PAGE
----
MSU-led study: Women face workplace weight discrimination
EAST LANSING, Mich. — Women are 16 times more likely than men to report weight discrimination in the workplace, according to a Michigan State University-led study that provides the most dramatic evidence yet of the weight bias working women face.
The study, featured in the October issue of Journal of Vocational Behavior, is the first to use a nationally representative sample to look at gender differences in reported weight-related employment discrimination, said Mark Roehling, MSU associate professor of human resource management and the project’s lead researcher.
As employers search for ways to reduce health care costs, obesity has become an issue. The prevalence of obesity in the United States increased from 13 percent to 32 percent between the 1960s and 2004, according to a recent Johns Hopkins University study.
Michigan is the only state with a law prohibiting weight discrimination in the workplace. But the new research indicates overweight women who face employment weight bias could be victims of sex discrimination, Roehling said.
“What this research indicates is that we have different standards for men and women. We are less accepting of overweight women,” he said. “If women are experiencing workplace discrimination based on their weight 16 times more frequently than men, employers ought to be very concerned about valid sex discrimination claims.”
Researchers randomly surveyed 2,838 current and former workers in the United States. Forty percent of respondents fell within the “normal” weight category, while 60 percent were overweight, obese or very obese, according to the body mass index. (BMI is calculated by dividing weight in kilograms by height in meters squared.)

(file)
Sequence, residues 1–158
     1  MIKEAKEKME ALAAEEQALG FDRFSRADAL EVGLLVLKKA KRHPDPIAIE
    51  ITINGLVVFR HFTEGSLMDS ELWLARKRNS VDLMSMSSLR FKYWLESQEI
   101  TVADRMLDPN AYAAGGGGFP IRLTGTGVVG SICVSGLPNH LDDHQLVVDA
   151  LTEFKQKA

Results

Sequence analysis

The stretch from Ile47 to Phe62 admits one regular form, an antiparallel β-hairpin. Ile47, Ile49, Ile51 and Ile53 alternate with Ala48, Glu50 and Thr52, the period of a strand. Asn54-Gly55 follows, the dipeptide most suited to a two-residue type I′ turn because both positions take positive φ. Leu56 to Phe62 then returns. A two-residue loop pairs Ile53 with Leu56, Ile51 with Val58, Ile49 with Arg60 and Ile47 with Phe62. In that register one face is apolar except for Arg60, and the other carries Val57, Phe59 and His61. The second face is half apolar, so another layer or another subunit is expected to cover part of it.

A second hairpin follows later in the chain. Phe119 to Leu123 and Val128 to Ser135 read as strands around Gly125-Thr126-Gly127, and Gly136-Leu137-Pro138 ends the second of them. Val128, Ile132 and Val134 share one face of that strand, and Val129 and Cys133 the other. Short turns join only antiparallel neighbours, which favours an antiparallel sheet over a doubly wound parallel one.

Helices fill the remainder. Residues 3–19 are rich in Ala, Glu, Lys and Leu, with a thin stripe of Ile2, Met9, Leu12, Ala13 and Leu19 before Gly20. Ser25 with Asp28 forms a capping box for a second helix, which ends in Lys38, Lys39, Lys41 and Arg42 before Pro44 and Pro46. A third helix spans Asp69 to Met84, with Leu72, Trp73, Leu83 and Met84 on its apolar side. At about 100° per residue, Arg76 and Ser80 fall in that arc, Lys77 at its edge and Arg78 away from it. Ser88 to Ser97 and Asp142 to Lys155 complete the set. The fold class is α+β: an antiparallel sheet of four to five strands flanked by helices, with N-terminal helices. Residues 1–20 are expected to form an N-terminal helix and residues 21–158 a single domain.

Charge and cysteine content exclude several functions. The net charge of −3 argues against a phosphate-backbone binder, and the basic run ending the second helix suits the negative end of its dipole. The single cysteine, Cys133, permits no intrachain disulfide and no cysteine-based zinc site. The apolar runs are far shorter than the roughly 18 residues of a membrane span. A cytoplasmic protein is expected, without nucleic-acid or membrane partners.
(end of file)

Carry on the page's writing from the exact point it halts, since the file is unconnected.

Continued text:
According to the study, weight discrimination is the most common form of workplace bias among very obese white women (more so than discrimination based on age, sex, race or ethnicity, sexual orientation, religion or disability). It is also the second most prevalent form of workplace discrimination among obese white women (after sex discrimination).
Among all groups of black women, race or ethnicity is the most frequent form of employment discrimination, according to the study. Roehling said previous research has shown that overweight black women are evaluated less harshly than overweight white women and that blacks are “more accepting of large body types.”
“A large black woman is likely to think of herself as a black woman before she thinks of herself as a large person,” Roehling said.
The research team also includes Shaun Pichler, a Ph.D. candidate at MSU, and Patricia Roehling, psychology professor at Hope College in Holland.